[Gamasutra looks at the evolving handheld space as part of its NPD analysis, revealing that Nintendo DS software outsold PSP software by an 8-to-1 ratio in the U.S. in March 2010 -- and muses on Nintendo's motivations for launching a fourth simultaneously sold handheld.]
Since our last report, Nintendo has announced that it will launch a successor to the Nintendo DS, currently called the Nintendo 3DS, before the end of its current fiscal year (ending March 2011). The new device will incorporate a screen technology that allows 3D effects with the naked eye and will be backward compatible with the existing Nintendo DS and Nintendo DSi.
Should that device come to market on time, it seems likely that Nintendo will have four different devices on the market at the same time that all play Nintendo DS software as well as their own specialized software.
We find that possibility disconcerting, to say the least, especially from a company which has generally maintained a simple line of hardware models.
As we've outlined previously, we also expect Sony to announce a successor to its PSP handheld, probably within the next six months, with the launch at the end of 2010 or early 2011.
If things play out as we currently expect, then the two companies are again on a course for what many will view as a head-to-head competition. (For our current feelings about Sony's position, please see last month's article.)
Just looking at the American market, we admit to being somewhat baffled by Nintendo's motives. While the Nintendo DS platform has shown a very slight weakness, it is still crushing its competition and outselling its competitor, the PSP, by a tremendous margin.
It has also demonstrated over the past five years that consumers are content with the graphical and sonic fidelity of Nintendo DS software.
Consider the comparison below of software dollar sales in the U.S. handheld segment during March 2010, showing that Nintendo DS software outsold PSP software by an 8-to-1 ratio.
The success of Pokemon SoulSilver and HeartGold during March skews these results, but not by as much as one might suppose. During a usual recent month Nintendo DS software is likely to outsell PSP software by a factor of 5-to-1 or 6-to-1. A year ago, during the beginning of 2009 and back into 2008, the ratio was closer to 4-to-1.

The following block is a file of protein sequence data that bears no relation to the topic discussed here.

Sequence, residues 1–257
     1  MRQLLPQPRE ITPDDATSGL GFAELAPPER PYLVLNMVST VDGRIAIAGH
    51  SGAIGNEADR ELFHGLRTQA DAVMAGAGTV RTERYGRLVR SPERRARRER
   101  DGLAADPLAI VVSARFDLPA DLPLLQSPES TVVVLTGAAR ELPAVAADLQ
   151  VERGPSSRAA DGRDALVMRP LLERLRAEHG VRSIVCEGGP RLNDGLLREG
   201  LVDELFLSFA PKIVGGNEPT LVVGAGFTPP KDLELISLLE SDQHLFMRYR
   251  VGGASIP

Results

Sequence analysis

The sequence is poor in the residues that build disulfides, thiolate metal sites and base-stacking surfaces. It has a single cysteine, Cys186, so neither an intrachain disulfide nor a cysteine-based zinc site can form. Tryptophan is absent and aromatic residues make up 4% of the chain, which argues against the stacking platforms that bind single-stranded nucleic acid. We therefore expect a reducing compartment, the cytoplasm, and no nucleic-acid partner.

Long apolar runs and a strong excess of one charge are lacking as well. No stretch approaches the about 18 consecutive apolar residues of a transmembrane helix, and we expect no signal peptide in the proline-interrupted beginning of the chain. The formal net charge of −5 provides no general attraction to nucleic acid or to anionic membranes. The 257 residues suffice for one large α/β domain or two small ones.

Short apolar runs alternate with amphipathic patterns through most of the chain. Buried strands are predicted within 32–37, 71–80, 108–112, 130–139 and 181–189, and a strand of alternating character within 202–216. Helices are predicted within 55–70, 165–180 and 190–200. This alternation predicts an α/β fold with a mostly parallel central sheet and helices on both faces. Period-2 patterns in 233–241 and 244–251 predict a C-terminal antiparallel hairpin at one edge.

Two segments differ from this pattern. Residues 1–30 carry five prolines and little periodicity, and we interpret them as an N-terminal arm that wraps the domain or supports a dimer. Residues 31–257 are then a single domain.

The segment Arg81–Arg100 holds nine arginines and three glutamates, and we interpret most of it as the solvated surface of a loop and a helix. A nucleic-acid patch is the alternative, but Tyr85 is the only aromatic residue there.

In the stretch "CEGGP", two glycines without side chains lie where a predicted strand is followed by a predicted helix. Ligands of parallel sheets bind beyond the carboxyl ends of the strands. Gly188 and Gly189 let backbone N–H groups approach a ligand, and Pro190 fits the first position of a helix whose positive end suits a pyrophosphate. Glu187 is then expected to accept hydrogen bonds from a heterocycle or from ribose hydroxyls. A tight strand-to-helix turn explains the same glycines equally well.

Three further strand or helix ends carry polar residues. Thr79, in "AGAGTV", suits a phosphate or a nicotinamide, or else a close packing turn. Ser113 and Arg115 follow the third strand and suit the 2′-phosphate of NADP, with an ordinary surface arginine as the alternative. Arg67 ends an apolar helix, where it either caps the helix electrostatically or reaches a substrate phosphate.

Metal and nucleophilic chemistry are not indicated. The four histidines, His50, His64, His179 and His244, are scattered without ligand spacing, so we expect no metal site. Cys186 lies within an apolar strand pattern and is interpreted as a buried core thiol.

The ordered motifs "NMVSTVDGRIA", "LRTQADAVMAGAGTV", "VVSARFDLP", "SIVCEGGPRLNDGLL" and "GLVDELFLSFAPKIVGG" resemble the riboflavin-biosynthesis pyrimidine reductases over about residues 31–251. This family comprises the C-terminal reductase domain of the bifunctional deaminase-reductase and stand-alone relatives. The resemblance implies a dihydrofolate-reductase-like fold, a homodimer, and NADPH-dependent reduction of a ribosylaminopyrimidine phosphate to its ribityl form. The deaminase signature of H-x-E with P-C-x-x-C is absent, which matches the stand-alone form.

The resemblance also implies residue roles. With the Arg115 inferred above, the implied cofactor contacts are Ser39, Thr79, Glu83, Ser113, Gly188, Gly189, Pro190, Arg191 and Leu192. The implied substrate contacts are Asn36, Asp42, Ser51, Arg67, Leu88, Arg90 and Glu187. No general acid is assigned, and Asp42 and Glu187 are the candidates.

However, we must admit that Nintendo appears to have a deep understanding of what its consumers want. In the past few years its presentations to investors regularly include results of extensive demographics studies, data that appears soft at first glance but which is clearly guiding the company's hardware and software plans.
For example, the figure below from Nintendo's April 2009 briefing to investors shows the age and gender distribution of Nintendo DS users in the U.S.
Nintendo has also made a habit of not introducing new hardware until it was affordable for the general public. The current $190 price of the Nintendo DSi XL is what we would consider to the extreme ceiling for a new Nintendo handheld.
We expect that by the time the Nintendo 3DS is introduced Nintendo will be phasing out the Nintendo DS Lite (currently $130), and move the Nintendo DSi down to below $130. That will leave a sufficient headroom for the new model to sufficiently differentiate itself from the older ones.
In the meantime, it seems likely that Nintendo DS platform sales will be dominated by the Nintendo DS Lite and the Nintendo DSi, which have previously split the market evenly. Already with only 7 days of sales, the larger DSi XL has garnered 141,000 units in sales, according to Webush analyst Michael Pachter.
While this isn't nearly as robust as the launch of the Nintendo DS Lite (which helped move over 500,000 units in its June 2006 launch) or the DSi (58,000 units in one night during March 2009), it still outsold the PSP for the month by 20,000 units.
In a recent conversation Pachter said he believes that Nintendo will reduce the prices on the current three models in time for the holiday this year. He expects a $99 Nintendo DS Lite to take about 45 percent of the DS platform market, with a $150 DSi claiming 30 percent. The DSi XL, he said, will probably hold its price at $190 and make up the remaining 25% of DS unit sales.